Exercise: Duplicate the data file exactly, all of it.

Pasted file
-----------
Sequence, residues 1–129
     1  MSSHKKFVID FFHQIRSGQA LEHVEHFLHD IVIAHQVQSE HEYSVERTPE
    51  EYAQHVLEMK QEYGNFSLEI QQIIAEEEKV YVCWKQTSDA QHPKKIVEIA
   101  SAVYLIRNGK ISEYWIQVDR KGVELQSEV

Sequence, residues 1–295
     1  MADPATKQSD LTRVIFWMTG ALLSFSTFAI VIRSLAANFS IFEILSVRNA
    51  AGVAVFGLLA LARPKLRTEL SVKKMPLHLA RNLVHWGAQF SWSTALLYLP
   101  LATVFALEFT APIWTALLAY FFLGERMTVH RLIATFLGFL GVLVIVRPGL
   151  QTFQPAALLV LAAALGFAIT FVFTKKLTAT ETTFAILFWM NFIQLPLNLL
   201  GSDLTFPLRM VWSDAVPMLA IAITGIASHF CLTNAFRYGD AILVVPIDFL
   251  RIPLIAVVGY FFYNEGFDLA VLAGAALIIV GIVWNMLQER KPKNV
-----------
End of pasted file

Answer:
Sequence, residues 1–129
     1  MSSHKKFVID FFHQIRSGQA LEHVEHFLHD IVIAHQVQSE HEYSVERTPE
    51  EYAQHVLEMK QEYGNFSLEI QQIIAEEEKV YVCWKQTSDA QHPKKIVEIA
   101  SAVYLIRNGK ISEYWIQVDR KGVELQSEV

Sequence, residues 1–295
     1  MADPATKQSD LTRVIFWMTG ALLSFSTFAI VIRSLAANFS IFEILSVRNA
    51  AGVAVFGLLA LARPKLRTEL SVKKMPLHLA RNLVHWGAQF SWSTALLYLP
   101  LATVFALEFT APIWTALLAY FFLGERMTVH RLIATFLGFL GVLVIVRPGL
   151  QTFQPAALLV LAAALGFAIT FVFTKKLTAT ETTFAILFWM NFIQLPLNLL
   201  GSDLTFPLRM VWSDAVPMLA IAITGIASHF CLTNAFRYGD AILVVPIDFL
   251  RIPLIAVVGY FFYNEGFDLA VLAGAALIIV GIVWNMLQER KPKNV